Rev Patrick Woulfe

RÓIS, RÓISE, genitive idem (the same), Rose; Teutonic — Hros, a horse, Norman — Rohais, Roese, Roesia; a name introduced, no doubt, by the Anglo-Normans and borne by a lady of the Maguires in the early part of the 16th century. The name of St. Rose of Lima is derived from the Latin rosa, a rose. She was first named Isabella, but was afterwards called Rose from the rose-like appearance of her face in childhood. Róis was, however, a woman's name in Ireland long before the birth of St. Rose. Latin — Rosa.

Alphabetical Index to Names of Women (Irish-English)

English-Irish Index

Note: The old Irish letters used in the original text* have been converted to the Roman alphabet for this online version, and the lenited (or dotted) consonants changed to their aspirated equivalents, i.e. the dotted 'c' has been altered to 'ch', the dotted 'g' to 'gh', and the dotted 'm' to 'mh', etc. For example, in the name Caoimgin (Kevin), where the 'm' and 'g' are both dotted (ṁ, ġ) in the old Irish lettering, the name has been converted here to the modern Irish equivalent of Caoimhghin.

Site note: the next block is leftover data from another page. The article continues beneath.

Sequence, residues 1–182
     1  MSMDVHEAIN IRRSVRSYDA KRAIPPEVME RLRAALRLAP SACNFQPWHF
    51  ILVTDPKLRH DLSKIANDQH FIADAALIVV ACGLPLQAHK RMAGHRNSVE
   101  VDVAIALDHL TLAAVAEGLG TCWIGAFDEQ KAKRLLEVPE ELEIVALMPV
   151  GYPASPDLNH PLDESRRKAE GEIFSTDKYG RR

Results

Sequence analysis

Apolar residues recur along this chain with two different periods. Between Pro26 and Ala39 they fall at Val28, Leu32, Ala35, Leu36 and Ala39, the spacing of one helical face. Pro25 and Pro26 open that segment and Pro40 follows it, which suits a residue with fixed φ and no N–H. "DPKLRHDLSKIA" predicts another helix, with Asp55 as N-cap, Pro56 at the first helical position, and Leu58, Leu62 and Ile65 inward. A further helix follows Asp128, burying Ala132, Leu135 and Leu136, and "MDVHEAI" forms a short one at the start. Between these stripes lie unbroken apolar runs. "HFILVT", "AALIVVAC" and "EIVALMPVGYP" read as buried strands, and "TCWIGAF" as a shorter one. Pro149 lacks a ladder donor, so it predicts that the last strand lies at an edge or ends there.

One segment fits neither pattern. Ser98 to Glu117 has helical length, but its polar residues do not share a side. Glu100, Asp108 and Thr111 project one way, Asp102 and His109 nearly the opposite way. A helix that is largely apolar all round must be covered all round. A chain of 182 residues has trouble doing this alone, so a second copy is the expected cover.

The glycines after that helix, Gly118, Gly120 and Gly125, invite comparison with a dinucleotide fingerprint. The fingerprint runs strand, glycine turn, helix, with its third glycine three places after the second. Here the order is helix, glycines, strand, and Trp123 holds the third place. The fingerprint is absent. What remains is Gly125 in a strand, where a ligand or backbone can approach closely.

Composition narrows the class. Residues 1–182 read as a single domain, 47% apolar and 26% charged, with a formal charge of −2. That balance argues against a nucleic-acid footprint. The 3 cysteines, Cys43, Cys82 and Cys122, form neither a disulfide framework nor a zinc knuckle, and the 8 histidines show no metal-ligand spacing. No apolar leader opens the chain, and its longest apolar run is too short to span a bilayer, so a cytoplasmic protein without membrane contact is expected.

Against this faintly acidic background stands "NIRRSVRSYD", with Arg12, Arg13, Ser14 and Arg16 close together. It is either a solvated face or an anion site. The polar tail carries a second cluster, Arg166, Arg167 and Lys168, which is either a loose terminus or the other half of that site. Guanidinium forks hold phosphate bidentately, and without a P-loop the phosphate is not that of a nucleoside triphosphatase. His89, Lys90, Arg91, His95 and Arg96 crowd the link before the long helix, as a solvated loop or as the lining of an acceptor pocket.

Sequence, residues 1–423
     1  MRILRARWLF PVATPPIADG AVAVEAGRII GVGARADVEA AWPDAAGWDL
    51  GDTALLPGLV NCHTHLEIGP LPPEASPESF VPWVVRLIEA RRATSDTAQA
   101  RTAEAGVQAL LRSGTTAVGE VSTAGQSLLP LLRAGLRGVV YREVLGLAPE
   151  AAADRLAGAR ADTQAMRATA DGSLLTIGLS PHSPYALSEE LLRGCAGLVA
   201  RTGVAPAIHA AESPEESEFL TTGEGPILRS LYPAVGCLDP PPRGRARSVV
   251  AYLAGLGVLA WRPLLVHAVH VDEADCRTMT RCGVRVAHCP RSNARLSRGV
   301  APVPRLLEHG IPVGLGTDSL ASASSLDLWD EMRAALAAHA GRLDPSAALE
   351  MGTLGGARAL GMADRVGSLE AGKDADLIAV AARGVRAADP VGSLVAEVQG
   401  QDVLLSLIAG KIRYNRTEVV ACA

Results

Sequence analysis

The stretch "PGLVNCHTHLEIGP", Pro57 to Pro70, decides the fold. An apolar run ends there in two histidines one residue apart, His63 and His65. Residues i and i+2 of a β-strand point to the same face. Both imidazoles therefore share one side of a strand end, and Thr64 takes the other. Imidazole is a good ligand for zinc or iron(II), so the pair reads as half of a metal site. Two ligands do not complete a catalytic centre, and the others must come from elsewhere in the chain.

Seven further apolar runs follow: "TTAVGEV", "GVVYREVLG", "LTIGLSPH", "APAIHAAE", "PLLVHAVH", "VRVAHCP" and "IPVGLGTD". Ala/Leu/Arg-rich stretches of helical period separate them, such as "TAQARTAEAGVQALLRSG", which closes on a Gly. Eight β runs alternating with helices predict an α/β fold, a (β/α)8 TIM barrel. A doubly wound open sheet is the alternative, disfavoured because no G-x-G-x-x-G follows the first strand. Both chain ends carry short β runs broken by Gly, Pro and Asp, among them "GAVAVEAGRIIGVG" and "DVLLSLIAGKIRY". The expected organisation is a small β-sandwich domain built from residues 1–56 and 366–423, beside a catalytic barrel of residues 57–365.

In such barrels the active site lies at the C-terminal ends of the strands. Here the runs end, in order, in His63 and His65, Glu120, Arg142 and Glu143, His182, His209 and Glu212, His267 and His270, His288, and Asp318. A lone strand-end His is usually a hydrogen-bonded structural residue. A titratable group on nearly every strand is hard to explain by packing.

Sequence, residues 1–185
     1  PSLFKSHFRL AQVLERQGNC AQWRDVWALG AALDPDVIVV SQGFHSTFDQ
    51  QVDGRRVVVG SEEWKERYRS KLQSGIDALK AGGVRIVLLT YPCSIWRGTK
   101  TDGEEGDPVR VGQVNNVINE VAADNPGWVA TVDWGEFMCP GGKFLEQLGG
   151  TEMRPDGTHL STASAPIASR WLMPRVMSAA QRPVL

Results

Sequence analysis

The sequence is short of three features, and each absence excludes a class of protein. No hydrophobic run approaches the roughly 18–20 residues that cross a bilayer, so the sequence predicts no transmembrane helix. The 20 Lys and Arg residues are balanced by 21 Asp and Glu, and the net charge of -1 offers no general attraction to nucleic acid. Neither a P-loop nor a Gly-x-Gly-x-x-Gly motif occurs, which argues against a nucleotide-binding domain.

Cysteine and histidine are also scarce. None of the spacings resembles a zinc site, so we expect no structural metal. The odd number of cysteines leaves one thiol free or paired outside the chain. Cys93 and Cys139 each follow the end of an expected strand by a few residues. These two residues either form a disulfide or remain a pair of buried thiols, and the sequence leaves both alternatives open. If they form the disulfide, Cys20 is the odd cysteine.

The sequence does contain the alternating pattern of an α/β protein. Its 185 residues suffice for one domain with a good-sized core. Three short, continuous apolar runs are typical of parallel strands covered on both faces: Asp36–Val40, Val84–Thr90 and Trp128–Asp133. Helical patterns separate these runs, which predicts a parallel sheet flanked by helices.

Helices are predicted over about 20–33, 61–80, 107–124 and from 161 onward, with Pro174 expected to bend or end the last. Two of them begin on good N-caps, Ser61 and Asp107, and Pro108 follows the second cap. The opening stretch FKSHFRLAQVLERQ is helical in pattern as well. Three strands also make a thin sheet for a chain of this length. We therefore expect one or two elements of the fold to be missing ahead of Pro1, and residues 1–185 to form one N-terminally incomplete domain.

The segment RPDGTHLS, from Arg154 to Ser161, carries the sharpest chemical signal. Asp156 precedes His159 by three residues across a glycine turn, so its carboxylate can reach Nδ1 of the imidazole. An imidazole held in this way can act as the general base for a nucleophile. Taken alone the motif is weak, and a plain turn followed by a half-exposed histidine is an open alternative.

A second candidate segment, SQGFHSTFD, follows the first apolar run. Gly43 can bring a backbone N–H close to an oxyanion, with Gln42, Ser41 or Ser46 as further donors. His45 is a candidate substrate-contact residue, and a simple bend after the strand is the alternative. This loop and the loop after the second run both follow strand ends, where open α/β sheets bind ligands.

* Sloinnte Gaedheal is Gall: Irish Names and Surnames by Rev. Patrick Woulfe, 1923.